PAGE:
Brian Kemp Asks Joe Biden to Overturn Trade Commission Ruling to Help Northeast Georgia

 

Georgia Gov. Brian Kemp this week asked U.S. President Joe Biden to overturn the International Trade Commission ruling against SK Innovation to save thousands of jobs in northeast Georgia directly tied to the project.

Kemp formally requested this in a letter Friday. He attached a copy of his letter to the president in an emailed press release.

“Your administration has embarked on an important review relating to the future of an electric vehicle (EV) battery plant in Commerce, Georgia, which will employ nearly 2,600 people and represents the largest foreign investment in my state’s history at nearly $2.6 billion. When completed, this factory will account for nearly half of our nation’s vitally needed non-captive EV batteries, which will be available for purchase by EV manufacturers on the free market,” Kemp wrote.

“The plant’s initial yearly output will supply 22 GWh of EV battery capacity, which is enough battery capacity for 330,000 electric cars and there are plans for it to expand to employ more than 6,000 workers and produce 50 GWh annually by 2025. The factory is owned by the Korean company, SK Innovation (“SKI”), and will be the only major EV battery plant in the nation to have been built without federal subsidies.”

The International Trade Commission (ITC) issued a decision preventing SKI from importing battery parts and components for 10 years, subject to a limited exception to allow the company to produce batteries at the plant for Ford for four years and VW for two years. SKI has told the state of Georgia the ITC ruling will make it impossible for the plant to have economic viability and, absent action by Biden to disapprove the ITC ruling, SKI will have to shutter the Commerce facility, according to Kemp’s press release.

“The Commerce plant fits squarely into your publicly announced goal of electrification of the U.S. auto fleet with good, high paying jobs for local workers. Furthermore, your recently announced Executive Order on supply chains recognized the critical role of EV batteries to our economy and national security. Given that China is currently the leading producer of EV batteries, closing the Commerce, Georgia plant will result in the United States falling further behind China in the global EV battery race,” according to Kemp’s letter.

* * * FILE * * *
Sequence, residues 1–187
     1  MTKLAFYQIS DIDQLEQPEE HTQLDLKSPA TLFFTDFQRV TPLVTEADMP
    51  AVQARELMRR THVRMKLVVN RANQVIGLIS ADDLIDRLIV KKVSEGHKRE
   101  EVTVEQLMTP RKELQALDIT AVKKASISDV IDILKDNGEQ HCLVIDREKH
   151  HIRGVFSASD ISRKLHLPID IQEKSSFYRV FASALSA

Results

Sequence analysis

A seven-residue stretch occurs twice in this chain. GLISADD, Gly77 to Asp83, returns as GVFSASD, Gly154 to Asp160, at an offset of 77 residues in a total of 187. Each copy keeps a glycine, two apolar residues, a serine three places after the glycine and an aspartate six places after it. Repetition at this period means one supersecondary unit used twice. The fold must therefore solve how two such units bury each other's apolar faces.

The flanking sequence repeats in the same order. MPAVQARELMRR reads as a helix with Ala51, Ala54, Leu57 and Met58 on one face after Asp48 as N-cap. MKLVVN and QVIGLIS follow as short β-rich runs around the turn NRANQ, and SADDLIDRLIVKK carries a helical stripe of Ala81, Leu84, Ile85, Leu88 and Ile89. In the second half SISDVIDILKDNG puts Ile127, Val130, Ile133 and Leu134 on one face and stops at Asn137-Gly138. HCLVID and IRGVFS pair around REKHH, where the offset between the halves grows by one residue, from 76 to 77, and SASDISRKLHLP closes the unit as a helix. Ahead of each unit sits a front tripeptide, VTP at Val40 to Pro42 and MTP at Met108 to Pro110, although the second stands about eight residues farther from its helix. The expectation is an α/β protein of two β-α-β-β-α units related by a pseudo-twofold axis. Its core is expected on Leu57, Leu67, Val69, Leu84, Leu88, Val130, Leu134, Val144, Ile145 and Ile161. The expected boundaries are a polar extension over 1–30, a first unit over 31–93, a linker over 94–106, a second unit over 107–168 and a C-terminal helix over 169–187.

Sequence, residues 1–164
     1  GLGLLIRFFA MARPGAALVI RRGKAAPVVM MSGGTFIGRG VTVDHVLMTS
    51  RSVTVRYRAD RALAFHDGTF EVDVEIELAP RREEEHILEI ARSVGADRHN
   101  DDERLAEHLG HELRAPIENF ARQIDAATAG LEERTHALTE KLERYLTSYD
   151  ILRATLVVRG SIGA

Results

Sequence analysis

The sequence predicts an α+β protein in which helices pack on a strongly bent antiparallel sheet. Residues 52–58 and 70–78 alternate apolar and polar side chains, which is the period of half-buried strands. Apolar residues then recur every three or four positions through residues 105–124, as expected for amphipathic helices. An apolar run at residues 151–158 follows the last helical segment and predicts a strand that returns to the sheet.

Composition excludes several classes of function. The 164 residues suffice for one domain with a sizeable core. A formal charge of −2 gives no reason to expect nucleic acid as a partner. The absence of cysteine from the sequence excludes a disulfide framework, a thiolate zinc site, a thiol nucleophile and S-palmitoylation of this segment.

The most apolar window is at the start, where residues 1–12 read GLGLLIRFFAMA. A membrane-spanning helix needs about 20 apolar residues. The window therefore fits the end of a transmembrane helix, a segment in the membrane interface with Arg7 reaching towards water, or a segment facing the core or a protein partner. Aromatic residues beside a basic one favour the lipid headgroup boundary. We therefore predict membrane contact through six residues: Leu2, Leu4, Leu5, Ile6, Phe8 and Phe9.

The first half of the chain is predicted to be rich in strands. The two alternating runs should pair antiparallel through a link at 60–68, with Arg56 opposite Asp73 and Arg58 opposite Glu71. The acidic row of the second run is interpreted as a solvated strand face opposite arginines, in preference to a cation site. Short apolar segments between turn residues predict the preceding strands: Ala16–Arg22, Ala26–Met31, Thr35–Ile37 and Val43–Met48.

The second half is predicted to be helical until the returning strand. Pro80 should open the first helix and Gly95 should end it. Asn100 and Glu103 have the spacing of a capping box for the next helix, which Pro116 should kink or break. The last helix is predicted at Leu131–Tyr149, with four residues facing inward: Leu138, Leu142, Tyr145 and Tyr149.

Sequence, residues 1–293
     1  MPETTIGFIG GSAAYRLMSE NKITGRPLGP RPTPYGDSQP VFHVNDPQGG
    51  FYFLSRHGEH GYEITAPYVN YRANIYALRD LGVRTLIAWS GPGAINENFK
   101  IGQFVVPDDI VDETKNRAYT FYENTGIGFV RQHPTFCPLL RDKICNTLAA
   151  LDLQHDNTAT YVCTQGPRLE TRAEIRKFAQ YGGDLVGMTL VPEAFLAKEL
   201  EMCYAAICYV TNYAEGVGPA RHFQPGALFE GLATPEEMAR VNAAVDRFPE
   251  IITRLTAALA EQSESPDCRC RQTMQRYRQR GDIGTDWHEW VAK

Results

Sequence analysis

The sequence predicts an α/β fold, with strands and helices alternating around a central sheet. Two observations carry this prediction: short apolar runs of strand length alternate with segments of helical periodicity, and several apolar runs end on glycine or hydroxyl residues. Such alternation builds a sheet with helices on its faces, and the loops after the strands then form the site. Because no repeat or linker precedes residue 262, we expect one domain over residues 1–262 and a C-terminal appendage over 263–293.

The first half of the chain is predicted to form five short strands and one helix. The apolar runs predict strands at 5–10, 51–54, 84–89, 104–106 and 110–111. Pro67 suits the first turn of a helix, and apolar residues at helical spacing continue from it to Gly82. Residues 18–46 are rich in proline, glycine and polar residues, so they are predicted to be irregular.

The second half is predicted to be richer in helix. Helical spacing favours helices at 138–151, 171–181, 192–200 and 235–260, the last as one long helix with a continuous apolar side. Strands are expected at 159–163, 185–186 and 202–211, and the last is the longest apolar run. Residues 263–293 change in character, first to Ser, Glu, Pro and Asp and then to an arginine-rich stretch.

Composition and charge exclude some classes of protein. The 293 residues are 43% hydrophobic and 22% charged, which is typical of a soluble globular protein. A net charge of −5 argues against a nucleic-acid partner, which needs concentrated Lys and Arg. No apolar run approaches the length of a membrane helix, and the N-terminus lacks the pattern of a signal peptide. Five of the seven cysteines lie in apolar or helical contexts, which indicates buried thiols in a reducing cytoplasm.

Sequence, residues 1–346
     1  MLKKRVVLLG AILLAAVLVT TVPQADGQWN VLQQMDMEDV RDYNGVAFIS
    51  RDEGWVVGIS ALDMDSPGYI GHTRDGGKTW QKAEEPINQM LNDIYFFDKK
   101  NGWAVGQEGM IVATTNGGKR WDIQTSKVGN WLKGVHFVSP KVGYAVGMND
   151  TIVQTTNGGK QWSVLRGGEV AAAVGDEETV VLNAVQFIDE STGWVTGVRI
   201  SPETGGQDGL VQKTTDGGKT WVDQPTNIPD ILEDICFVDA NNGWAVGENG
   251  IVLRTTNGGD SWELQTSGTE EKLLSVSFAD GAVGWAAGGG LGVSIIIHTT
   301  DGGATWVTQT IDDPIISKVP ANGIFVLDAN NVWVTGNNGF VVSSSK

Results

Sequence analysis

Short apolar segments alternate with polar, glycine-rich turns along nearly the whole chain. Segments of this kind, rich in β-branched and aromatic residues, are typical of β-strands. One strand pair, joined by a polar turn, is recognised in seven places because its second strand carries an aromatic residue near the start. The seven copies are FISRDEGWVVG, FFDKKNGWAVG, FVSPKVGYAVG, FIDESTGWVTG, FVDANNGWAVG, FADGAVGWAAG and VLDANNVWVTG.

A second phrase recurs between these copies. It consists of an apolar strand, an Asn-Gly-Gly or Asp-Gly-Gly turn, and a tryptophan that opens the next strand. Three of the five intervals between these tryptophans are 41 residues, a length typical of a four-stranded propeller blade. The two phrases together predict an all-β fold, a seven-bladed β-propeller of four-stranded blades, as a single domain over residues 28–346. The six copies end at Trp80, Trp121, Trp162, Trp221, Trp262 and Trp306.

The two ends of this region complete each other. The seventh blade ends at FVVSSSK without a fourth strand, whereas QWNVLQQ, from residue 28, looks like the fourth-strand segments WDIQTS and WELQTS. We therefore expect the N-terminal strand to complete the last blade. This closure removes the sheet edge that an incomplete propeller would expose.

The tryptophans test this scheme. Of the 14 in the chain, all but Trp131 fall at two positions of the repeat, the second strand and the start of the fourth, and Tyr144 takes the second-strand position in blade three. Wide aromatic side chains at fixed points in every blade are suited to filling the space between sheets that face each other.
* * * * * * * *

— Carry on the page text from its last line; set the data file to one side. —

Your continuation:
“On behalf of the people of Georgia, I respectfully request that you exercise the authority granted to you under law to disapprove the ITC ruling on grounds that it is contrary to the public interest and will seriously jeopardize your administration’s environmental and economic goals. I recognize this may not be an easy decision, but it is also not without precedent. President Obama took similar action in 2013 when he concluded that an ITC decision also threatened the public interest and would harm US consumers. Decisive action to disapprove the ITC ruling in this case is similarly vital to prevent the ruling’s adverse impact on Georgia and the US economy, and to preserve our nation’s ability to compete in the global race for clean energy cars and trucks.”

Kemp also told Biden that “the livelihoods of thousands of Georgians are now in your hands.”

Kemp then told Biden he is available to assist him in any way with his decision.

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Chris Butler is an investigative journalist at The Tennessee Star. Follow Chris on Facebook. Email tips to [email protected]

 

 

 

 

 

 

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One Thought to “Brian Kemp Asks Joe Biden to Overturn Trade Commission Ruling to Help Northeast Georgia”

  1. Barry

    Please tell in the story the reason why the ITC slapped SK Innovation with a 10 year moratorium. It’s interesting to find that SK Innovation apparently “misappropriated trade secrets” from their Korean competitor LG Chem. Many other corporations make it a point not to steal trade secrets since it opens up the company for lawsuits and government restrictions. Apparently, it doesn’t matter in this case. Instead of punishing them for their misdeeds, Kemp and Ford Motor Company want to keep doing business with them.

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